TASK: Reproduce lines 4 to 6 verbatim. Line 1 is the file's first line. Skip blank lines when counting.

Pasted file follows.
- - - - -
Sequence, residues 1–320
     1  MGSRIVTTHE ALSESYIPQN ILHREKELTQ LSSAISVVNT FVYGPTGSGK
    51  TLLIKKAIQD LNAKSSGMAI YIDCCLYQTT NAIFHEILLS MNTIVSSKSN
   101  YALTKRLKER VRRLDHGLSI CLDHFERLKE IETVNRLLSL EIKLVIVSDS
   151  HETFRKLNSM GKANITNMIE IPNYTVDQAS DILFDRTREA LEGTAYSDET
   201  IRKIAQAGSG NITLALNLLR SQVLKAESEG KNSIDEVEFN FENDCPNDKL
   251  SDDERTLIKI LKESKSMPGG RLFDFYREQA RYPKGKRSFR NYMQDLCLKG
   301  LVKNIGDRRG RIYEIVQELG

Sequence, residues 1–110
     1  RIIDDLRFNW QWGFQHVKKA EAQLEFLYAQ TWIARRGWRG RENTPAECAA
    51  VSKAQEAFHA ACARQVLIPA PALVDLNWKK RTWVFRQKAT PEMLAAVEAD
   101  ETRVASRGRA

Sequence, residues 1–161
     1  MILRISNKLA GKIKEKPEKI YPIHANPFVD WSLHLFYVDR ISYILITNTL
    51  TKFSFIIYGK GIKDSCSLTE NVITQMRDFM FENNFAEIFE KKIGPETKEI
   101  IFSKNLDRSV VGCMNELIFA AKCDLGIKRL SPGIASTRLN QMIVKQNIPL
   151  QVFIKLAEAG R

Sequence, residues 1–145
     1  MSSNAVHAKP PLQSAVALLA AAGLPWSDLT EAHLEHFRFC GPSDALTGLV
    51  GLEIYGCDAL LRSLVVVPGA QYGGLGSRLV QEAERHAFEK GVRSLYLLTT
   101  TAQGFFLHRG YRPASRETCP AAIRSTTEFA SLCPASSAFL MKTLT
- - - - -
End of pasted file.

   101  YALTKRLKER VRRLDHGLSI CLDHFERLKE IETVNRLLSL EIKLVIVSDS
   151  HETFRKLNSM GKANITNMIE IPNYTVDQAS DILFDRTREA LEGTAYSDET
   201  IRKIAQAGSG NITLALNLLR SQVLKAESEG KNSIDEVEFN FENDCPNDKL